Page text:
After a winter in which much of America was oppressed by the Polar Vortex, it seems we may finally be escaping its clutches. But if there’s one positive to all the cold weather, it’s beer. See, just like cold temperatures cue our palates to crave rich, hearty foods to warm us up, we drinkers find ourselves craving beers with richer flavors and textures. Which means winter is a fine time to dive into the cathartic depths of stouts and porters.
Stouts and porters are simply beers brewed with dark malts to produce a darker beer. What’s the difference? Stouts are brewed with roasted malts and are intended to have a thicker and darker appearance and color, while porters are brewed with naturally black malts to achieve a thinner and lighter style. Of course, these are just general guidelines, which brewers often disregard. Like any great artisans, a brewer’s intention is what truly defines a beer style.
That’s enough school though; let’s get to the actual beer. Here are some of the highlights of the winter season from my personal cellar:
Goose Island Bourbon County Brand Stout
Aged in oak bourbon barrels before bottling, the Bourbon County Stout (black label) packs a bold flavor with intense notes of chocolate and vanilla. The oaky bourbon character is perfectly imparted into the beer, giving it a smooth finish. But sip slowly: this beer sits at a cool 14% ABV.
The other variant pictured (the red label) is the Bourbon County Brand Coffee Stout brewed with Intelligentsia coffee from Austin, TX. All too often, coffee overwhelms other flavors in a coffee stout, but this one has achieved a solid balance of flavors. More than 2,000 pounds of coffee was roasted for this year’s batch, but it still commands notes of vanilla, almonds and chocolate without succumbing to coffee overkill.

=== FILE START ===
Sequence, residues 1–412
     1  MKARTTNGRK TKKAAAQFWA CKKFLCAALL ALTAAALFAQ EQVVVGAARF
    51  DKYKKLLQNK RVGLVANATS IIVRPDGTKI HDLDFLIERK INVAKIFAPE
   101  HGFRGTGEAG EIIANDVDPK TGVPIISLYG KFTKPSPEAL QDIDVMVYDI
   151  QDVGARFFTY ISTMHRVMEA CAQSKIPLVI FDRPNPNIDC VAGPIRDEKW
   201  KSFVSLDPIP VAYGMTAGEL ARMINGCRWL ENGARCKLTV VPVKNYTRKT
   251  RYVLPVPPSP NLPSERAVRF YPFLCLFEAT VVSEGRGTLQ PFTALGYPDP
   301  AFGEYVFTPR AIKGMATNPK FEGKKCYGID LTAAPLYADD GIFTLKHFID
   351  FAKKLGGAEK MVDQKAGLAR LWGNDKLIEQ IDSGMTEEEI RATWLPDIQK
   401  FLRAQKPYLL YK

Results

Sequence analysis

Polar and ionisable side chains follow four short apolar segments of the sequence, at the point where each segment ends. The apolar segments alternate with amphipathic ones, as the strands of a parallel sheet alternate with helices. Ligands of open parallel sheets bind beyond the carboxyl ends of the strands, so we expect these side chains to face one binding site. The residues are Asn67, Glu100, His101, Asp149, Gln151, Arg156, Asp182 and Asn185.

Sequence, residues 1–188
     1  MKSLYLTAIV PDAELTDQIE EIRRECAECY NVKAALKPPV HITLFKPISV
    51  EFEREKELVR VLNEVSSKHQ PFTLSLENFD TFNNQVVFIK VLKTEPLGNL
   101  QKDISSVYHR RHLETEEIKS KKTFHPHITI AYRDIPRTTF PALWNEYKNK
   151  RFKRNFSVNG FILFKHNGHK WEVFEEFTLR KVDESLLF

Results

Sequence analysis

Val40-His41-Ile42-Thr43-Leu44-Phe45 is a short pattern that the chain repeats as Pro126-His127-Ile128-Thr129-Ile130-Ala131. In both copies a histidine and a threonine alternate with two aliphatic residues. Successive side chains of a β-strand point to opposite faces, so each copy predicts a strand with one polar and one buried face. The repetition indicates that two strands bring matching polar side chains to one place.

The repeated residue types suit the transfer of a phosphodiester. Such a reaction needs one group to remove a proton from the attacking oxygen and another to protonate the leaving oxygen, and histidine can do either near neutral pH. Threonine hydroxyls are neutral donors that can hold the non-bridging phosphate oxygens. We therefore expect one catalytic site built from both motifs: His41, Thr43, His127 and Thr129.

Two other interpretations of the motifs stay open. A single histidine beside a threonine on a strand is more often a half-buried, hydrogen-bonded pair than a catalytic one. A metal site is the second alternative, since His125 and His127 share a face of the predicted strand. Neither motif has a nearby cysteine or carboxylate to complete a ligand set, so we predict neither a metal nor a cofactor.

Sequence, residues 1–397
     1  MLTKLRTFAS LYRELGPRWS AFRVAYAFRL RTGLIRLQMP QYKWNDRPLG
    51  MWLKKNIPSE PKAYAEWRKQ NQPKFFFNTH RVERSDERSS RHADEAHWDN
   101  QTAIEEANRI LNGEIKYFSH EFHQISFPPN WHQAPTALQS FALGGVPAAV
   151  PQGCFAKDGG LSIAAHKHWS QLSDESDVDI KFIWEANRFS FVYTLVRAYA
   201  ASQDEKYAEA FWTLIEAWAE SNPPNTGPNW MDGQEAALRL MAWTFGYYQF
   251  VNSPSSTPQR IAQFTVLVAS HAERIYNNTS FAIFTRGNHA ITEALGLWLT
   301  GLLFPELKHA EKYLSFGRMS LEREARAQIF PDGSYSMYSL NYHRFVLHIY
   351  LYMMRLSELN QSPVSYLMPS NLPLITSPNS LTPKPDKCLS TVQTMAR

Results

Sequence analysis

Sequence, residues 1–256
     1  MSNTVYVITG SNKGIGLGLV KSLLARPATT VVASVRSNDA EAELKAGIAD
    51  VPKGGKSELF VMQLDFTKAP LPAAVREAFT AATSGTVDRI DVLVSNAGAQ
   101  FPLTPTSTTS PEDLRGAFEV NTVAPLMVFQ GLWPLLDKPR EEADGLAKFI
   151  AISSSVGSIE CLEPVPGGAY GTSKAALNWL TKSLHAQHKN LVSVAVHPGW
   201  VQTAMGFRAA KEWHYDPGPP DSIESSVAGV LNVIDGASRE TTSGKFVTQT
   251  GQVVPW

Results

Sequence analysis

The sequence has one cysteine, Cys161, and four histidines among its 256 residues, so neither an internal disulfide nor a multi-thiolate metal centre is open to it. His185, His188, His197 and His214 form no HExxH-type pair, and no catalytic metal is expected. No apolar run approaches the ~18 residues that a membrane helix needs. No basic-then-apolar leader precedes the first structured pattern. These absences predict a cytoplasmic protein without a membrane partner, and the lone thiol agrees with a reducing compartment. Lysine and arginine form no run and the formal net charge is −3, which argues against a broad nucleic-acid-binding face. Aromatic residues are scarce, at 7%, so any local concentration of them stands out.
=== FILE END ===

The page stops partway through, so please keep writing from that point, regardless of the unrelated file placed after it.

Bell’s Expedition Stout
Bell’s Expedition Stout was one of the forerunners of Russian imperial stouts in the US. This is a dark, rich stout that unleashes flavors of coffee, dark fruits, and chocolate, while maintaining a refreshingly hoppy nose. This is a superior stout, and it’s built to age with an unlimited cellaring time. Certain beer geeks are still opening bottles they’ve kept cellared since the mid-90s.
Prairie is relatively new to the craft beer boom, but they are reshaping the barrel aged beer scene. This is one damn good stout. Prairie Noir has an intense cacao nib nose with a silky smooth body. It’s like a chunk of dark chocolate fell inside a bourbon barrel, and then you stuck your face inside that barrel. Outside the chocolate notes you’ll also find marshmallows, brown sugar, baked cookies and oak. The wax seal on these bottles suggests that aging Prairie Noir may be a good idea. I plan on finding out.
Brooklyn Black Ops
The Black Ops stout is that beer you don’t tell anyone about for fear your local store will run out. But if you did, you’d probably say that it’s a stout aged in bourbon barrels for at least four months, and it’s then bottle conditioned with champagne yeast to carbonate the beer over time. Despite being bottled flat, Black Ops develops a bubbly carbonation from that champagne yeast. It also develops tones of vanilla and chocolate from the barrel aging. The glass bottle is hand blown and the beer itself is built to age in the bottle for a few years.